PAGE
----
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Here's Why I Think IGO (ASX:IGO) Is An Interesting Stock

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·4 min read
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Like a puppy chasing its tail, some new investors often chase 'the next big thing', even if that means buying 'story stocks' without revenue, let alone profit. Unfortunately, high risk investments often have little probability of ever paying off, and many investors pay a price to learn their lesson.

If, on the other hand, you like companies that have revenue, and even earn profits, then you may well be interested in IGO (ASX:IGO). While that doesn't make the shares worth buying at any price, you can't deny that successful capitalism requires profit, eventually. While a well funded company may sustain losses for years, unless its owners have an endless appetite for subsidizing the customer, it will need to generate a profit eventually, or else breathe its last breath.

View our latest analysis for IGO

How Quickly Is IGO Increasing Earnings Per Share?

If a company can keep growing earnings per share (EPS) long enough, its share price will eventually follow. Therefore, there are plenty of investors who like to buy shares in companies that are growing EPS. Who among us would not applaud IGO's stratospheric annual EPS growth of 42%, compound, over the last three years? Growth that fast may well be fleeting, but like a lotus blooming from a murky pond, it sparks joy for the wary stock pickers.

I like to take a look at earnings before interest and (EBIT) tax margins, as well as revenue growth, to get another take on the quality of the company's growth. IGO shareholders can take confidence from the fact that EBIT margins are up from 4.4% to 30%, and revenue is growing. That's great to see, on both counts.

The chart below shows how the company's bottom and top lines have progressed over time. Click on the chart to see the exact numbers.

earnings-and-revenue-history
earnings-and-revenue-history

You don't drive with your eyes on the rear-view mirror, so you might be more interested in this free report showing analyst forecasts for IGO's future profits.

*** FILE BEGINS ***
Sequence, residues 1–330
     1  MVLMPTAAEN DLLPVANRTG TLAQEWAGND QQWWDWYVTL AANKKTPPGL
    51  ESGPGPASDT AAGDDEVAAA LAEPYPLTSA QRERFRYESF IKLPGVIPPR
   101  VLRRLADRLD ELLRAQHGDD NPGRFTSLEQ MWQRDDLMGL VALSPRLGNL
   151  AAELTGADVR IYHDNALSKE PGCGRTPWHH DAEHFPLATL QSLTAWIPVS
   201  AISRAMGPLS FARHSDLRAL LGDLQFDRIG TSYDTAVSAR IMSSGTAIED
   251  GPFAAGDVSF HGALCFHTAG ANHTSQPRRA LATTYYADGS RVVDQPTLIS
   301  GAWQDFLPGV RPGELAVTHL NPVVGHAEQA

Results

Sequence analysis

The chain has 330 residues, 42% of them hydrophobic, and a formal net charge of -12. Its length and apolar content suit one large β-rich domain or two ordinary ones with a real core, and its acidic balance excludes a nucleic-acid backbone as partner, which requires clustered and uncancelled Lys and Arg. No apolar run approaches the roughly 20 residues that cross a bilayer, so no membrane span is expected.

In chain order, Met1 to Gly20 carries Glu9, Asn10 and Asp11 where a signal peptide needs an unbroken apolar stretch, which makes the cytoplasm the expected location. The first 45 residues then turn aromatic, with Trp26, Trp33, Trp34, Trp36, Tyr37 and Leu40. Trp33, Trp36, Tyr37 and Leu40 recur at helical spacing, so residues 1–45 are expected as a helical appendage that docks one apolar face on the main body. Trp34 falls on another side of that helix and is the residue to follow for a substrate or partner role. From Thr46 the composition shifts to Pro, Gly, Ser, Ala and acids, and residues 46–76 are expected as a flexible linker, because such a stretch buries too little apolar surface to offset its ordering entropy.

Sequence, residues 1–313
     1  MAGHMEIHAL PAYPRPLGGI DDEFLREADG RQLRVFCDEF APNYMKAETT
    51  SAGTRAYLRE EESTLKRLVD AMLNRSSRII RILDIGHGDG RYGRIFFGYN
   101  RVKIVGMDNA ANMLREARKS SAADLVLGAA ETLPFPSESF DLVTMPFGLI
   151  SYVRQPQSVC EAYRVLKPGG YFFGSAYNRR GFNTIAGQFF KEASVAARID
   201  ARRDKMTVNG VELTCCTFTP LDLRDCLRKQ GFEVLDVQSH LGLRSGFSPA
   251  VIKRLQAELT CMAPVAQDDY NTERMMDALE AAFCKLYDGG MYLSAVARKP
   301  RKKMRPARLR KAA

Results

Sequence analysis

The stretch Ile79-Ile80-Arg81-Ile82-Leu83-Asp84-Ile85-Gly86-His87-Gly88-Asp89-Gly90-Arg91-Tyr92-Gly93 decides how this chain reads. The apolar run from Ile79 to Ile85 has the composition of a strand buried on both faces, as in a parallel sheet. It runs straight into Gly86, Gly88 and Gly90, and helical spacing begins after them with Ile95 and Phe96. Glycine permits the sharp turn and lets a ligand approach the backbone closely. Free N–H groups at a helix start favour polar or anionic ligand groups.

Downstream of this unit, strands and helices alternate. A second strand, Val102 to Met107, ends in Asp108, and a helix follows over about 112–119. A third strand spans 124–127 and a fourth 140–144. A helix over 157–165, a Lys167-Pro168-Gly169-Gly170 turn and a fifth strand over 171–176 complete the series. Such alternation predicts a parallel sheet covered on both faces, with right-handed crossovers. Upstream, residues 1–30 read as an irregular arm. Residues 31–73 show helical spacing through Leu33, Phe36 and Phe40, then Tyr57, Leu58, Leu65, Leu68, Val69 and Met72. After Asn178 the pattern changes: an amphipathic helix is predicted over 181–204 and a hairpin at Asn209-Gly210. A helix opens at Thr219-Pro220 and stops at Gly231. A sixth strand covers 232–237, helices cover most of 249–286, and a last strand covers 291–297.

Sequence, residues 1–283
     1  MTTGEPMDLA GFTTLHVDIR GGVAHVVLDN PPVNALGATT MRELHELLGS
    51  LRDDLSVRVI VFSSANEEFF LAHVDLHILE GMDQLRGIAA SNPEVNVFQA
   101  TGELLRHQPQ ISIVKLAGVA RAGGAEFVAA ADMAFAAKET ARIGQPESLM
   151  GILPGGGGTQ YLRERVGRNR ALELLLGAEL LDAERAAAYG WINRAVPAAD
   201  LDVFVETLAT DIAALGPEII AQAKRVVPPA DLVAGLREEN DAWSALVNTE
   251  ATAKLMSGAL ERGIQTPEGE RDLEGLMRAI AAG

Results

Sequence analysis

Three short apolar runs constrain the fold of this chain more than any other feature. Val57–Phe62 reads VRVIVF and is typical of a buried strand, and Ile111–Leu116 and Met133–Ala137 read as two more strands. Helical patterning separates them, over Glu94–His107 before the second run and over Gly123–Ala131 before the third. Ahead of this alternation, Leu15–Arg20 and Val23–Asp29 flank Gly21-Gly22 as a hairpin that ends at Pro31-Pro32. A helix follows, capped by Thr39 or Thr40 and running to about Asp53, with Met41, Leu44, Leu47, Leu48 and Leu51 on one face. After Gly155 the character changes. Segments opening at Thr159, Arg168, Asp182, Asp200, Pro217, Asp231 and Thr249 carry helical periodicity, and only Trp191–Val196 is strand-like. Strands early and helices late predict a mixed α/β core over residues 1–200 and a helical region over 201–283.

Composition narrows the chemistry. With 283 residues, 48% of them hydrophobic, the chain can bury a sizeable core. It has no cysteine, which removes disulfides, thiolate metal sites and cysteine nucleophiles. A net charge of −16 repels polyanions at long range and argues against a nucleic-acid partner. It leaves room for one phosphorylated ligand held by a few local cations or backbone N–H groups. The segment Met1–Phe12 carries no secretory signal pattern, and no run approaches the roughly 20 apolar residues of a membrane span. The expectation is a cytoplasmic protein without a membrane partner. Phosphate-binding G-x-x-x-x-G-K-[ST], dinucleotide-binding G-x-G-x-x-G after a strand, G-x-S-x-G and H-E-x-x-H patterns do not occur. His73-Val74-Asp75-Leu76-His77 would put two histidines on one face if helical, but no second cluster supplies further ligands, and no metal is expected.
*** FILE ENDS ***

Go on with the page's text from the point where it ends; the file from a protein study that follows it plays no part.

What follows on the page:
Are IGO Insiders Aligned With All Shareholders?

Since IGO has a market capitalization of AU$8.9b, we wouldn't expect insiders to hold a large percentage of shares. But we do take comfort from the fact that they are investors in the company. Indeed, they hold AU$45m worth of its stock. That shows significant buy-in, and may indicate conviction in the business strategy. Despite being just 0.5% of the company, the value of that investment is enough to show insiders have plenty riding on the venture.

It's good to see that insiders are invested in the company, but are remuneration levels reasonable? A brief analysis of the CEO compensation suggests they are. For companies with market capitalizations between AU$5.6b and AU$17b, like IGO, the median CEO pay is around AU$3.5m.

The IGO CEO received AU$2.6m in compensation for the year ending . That comes in below the average for similar sized companies, and seems pretty reasonable to me. CEO remuneration levels are not the most important metric for investors, but when the pay is modest, that does support enhanced alignment between the CEO and the ordinary shareholders. I'd also argue reasonable pay levels attest to good decision making more generally.

Does IGO Deserve A Spot On Your Watchlist?

IGO's earnings per share have taken off like a rocket aimed right at the moon. The sweetener is that insiders have a mountain of stock, and the CEO remuneration is quite reasonable. The sharp increase in earnings could signal good business momentum. Big growth can make big winners, so I do think IGO is worth considering carefully. It is worth noting though that we have found 2 warning signs for IGO that you need to take into consideration.

Of course, you can do well (sometimes) buying stocks that are not growing earnings and do not have insiders buying shares. But as a growth investor I always like to check out companies that do have those features. You can access a free list of them here.

Please note the insider transactions discussed in this article refer to reportable transactions in the relevant jurisdiction.

Have feedback on this article? Concerned about the content? Get in touch with us directly. Alternatively, email editorial-team (at) simplywallst.com.

This article by Simply Wall St is general in nature. We provide commentary based on historical data and analyst forecasts only using an unbiased methodology and our articles are not intended to be financial advice. It does not constitute a recommendation to buy or sell any stock, and does not take account of your objectives, or your financial situation. We aim to bring you long-term focused analysis driven by fundamental data. Note that our analysis may not factor in the latest price-sensitive company announcements or qualitative material. Simply Wall St has no position in any stocks mentioned.